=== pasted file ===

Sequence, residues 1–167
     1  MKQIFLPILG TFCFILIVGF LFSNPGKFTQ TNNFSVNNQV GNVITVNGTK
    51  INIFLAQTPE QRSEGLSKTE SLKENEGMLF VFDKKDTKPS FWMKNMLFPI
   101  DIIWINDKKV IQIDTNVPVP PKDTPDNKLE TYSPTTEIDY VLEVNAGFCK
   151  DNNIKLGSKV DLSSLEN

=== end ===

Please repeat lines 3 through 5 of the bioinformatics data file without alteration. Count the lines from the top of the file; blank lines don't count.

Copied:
    51  INIFLAQTPE QRSEGLSKTE SLKENEGMLF VFDKKDTKPS FWMKNMLFPI
   101  DIIWINDKKV IQIDTNVPVP PKDTPDNKLE TYSPTTEIDY VLEVNAGFCK
   151  DNNIKLGSKV DLSSLEN